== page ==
Washington physician loses medical license over opioid deaths, loan impropriety



(The Center Square) – A physician in Washington state has been barred from future practice for her alleged substandard care that contributed to the opioid-related deaths of a husband and wife, and in the death of a third patient from whom she had received a personal loan.

The license of Dr. Irene K. Kimura, a primary care family physician in Moses Lake, was permanently revoked by the Washington Medical Commission in a July 18 order that cited allegations of unprofessional conduct.

The 41-page order followed a May 8 hearing before the commission with legal counsel from the state Attorney General’s office. Kimura, 62, was represented at the hearing by Garth Dano, a private attorney from Moses Lake and former Grant County prosecutor.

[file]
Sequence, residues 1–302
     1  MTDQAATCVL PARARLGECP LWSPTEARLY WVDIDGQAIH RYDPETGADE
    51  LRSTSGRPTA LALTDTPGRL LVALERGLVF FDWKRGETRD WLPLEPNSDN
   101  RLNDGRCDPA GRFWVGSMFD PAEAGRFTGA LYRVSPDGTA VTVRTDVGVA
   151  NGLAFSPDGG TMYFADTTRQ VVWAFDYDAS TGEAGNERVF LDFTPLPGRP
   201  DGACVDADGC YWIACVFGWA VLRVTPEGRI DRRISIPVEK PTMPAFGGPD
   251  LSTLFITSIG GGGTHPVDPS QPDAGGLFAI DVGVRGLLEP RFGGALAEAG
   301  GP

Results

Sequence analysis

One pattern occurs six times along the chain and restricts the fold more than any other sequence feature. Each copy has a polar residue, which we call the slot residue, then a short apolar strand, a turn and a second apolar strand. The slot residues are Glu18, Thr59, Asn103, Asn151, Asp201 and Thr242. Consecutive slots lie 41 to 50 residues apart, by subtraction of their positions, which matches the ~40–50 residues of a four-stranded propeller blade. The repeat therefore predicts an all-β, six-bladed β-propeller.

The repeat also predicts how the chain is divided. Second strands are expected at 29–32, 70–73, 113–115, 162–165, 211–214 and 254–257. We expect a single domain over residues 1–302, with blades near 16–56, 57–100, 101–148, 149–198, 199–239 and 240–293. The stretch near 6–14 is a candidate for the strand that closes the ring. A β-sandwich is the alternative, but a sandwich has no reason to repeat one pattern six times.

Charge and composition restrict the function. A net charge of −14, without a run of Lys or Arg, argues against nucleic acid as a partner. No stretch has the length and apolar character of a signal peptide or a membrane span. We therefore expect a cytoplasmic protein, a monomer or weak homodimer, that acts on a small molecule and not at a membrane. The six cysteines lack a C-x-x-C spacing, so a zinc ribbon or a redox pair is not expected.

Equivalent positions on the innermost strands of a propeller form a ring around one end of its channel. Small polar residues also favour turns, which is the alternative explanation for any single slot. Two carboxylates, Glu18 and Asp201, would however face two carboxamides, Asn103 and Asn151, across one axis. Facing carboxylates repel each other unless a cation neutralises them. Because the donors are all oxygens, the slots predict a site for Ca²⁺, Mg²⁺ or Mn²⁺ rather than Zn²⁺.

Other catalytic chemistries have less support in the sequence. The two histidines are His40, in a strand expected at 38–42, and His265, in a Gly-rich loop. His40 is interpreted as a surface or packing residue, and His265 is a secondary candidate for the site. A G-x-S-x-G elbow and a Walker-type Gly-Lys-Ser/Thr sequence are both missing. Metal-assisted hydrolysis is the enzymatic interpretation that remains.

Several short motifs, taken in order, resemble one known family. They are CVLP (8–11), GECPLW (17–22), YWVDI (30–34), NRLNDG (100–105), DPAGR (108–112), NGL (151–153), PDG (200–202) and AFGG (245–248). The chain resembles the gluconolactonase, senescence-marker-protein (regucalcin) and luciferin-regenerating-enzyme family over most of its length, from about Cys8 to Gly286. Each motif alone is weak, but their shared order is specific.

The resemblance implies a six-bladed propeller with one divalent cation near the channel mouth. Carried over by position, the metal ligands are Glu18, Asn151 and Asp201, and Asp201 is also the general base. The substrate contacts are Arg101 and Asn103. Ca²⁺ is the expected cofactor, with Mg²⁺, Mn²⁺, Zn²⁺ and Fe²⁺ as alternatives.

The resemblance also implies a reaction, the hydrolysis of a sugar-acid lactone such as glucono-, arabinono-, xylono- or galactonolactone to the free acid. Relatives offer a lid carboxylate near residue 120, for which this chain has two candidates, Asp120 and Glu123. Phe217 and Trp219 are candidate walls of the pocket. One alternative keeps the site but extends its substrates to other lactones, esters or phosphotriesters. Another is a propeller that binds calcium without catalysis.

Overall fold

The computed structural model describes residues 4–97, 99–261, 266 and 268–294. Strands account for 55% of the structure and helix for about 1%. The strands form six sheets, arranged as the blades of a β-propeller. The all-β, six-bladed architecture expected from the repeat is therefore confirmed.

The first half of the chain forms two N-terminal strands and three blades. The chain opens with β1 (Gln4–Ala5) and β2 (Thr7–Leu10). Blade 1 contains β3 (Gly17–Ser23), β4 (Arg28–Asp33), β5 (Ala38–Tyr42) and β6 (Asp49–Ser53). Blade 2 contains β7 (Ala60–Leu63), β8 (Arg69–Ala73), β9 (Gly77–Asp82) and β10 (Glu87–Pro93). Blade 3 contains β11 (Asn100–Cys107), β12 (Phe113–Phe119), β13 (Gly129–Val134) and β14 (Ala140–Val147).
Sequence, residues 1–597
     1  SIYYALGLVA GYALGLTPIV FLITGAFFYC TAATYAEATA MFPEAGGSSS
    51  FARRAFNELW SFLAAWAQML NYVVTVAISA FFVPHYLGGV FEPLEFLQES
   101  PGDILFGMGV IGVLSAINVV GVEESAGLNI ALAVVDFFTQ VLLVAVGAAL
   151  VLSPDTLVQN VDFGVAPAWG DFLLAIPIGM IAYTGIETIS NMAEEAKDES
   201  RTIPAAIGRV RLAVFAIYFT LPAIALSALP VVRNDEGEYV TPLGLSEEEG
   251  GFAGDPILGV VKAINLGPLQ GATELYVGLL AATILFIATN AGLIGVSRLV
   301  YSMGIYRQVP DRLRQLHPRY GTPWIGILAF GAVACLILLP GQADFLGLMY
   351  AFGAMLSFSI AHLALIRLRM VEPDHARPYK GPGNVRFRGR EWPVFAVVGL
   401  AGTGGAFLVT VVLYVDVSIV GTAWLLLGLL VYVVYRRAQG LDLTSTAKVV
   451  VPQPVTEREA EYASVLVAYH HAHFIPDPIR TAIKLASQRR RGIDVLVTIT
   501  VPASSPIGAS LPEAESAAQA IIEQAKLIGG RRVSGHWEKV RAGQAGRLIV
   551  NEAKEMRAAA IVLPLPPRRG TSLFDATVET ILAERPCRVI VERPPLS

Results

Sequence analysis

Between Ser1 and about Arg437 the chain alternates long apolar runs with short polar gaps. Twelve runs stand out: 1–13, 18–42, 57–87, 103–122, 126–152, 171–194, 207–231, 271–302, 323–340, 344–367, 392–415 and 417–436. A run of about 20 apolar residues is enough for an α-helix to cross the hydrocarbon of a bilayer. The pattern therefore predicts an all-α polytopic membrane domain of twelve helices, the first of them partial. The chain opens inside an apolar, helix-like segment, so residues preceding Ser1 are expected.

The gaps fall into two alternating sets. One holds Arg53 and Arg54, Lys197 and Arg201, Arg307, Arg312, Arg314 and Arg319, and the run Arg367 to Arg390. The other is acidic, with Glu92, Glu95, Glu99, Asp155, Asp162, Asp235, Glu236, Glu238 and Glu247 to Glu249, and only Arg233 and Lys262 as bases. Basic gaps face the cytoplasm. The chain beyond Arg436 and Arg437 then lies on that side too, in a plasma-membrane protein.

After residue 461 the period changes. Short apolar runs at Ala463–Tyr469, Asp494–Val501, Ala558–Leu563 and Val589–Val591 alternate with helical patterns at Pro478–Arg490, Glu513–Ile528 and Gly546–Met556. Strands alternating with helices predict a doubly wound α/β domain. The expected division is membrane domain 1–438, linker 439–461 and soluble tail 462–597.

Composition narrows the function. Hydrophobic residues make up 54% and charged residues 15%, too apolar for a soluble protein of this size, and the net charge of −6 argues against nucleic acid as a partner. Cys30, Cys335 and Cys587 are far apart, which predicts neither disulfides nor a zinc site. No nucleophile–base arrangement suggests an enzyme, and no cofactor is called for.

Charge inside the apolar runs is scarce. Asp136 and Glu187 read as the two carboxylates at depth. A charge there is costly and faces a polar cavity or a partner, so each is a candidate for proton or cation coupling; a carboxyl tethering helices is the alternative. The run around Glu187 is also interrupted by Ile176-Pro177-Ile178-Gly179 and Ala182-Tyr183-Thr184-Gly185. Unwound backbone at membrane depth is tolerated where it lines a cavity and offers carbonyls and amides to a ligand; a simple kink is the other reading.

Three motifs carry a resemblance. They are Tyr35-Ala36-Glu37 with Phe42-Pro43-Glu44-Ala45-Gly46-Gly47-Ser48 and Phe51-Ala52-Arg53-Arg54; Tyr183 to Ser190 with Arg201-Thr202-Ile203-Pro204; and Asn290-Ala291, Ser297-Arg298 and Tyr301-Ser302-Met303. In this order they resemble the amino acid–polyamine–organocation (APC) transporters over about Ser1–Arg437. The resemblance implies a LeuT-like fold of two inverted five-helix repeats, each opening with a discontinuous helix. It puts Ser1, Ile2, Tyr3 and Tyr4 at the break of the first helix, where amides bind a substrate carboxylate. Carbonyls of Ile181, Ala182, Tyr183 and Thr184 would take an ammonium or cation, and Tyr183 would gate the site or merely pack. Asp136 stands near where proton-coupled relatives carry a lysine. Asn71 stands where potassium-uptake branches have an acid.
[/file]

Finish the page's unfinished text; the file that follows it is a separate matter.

A request to Dano on whether Kimura may appeal the commission’s findings was not immediately returned.

In revoking Kimura’s license, the review panel considered the “gravity of (her) conduct” involving the three patients, their vulnerability, and Kimura’s alleged dishonesty, lack of remorse, failure to take responsibility, and a prior disciplinary record.

Kimura was initially licensed in June 1992 and has 31 years’ experience as a doctor. The commission initially restricted her from prescribing controlled substances in November 2021.

Among the commission’s findings:

From July 21, 2017 to Sept. 3, 2017, Kimura treated a 56-year-old male, identified only as Patient A, who had non-alcoholic liver cirrhosis complicated by a nervous system disorder, kidney stones, chronic back pain caused by a fall and other medical conditions.

During his initial visit, the patient claimed some of his pain medication had been lost on a recent trip. Despite her lack of information from prior records, Kimura allegedly prescribed him 360 tablets of the opioid oxycodone at 5 milligrams each – the highest level he had been prescribed over the past year.